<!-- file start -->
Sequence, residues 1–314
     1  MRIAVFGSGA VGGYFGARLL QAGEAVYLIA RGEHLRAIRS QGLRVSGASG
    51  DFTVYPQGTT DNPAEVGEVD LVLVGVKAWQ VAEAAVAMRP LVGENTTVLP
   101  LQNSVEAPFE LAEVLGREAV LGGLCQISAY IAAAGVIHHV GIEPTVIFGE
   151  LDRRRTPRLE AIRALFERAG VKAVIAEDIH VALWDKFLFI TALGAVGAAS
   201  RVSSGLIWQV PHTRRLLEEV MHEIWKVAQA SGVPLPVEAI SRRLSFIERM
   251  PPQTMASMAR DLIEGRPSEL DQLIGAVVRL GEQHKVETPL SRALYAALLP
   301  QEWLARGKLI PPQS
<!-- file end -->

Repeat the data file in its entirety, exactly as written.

Sequence, residues 1–314
     1  MRIAVFGSGA VGGYFGARLL QAGEAVYLIA RGEHLRAIRS QGLRVSGASG
    51  DFTVYPQGTT DNPAEVGEVD LVLVGVKAWQ VAEAAVAMRP LVGENTTVLP
   101  LQNSVEAPFE LAEVLGREAV LGGLCQISAY IAAAGVIHHV GIEPTVIFGE
   151  LDRRRTPRLE AIRALFERAG VKAVIAEDIH VALWDKFLFI TALGAVGAAS
   201  RVSSGLIWQV PHTRRLLEEV MHEIWKVAQA SGVPLPVEAI SRRLSFIERM
   251  PPQTMASMAR DLIEGRPSEL DQLIGAVVRL GEQHKVETPL SRALYAALLP
   301  QEWLARGKLI PPQS